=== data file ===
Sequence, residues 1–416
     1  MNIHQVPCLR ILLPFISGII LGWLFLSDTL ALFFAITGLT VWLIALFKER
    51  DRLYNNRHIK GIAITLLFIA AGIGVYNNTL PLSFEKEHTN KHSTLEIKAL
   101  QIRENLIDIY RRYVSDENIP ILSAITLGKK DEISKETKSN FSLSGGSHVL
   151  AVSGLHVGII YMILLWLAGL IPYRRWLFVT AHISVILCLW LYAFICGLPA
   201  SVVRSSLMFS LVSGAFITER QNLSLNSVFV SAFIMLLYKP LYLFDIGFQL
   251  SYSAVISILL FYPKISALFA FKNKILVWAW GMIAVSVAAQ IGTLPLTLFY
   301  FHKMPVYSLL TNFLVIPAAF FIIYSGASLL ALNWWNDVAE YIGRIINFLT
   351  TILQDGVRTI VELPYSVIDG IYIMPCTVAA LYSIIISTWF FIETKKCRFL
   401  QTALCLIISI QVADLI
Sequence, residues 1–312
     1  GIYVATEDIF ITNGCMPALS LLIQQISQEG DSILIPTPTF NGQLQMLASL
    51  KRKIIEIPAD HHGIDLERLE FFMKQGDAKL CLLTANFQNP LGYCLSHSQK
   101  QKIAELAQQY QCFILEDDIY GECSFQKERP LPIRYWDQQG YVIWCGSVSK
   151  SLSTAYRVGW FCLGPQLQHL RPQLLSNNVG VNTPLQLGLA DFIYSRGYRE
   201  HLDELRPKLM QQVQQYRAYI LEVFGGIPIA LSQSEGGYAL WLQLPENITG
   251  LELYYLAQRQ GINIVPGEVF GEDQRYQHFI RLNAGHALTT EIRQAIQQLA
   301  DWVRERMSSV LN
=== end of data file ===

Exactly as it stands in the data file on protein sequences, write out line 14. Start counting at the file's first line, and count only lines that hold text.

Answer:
   101  QKIAELAQQY QCFILEDDIY GECSFQKERP LPIRYWDQQG YVIWCGSVSK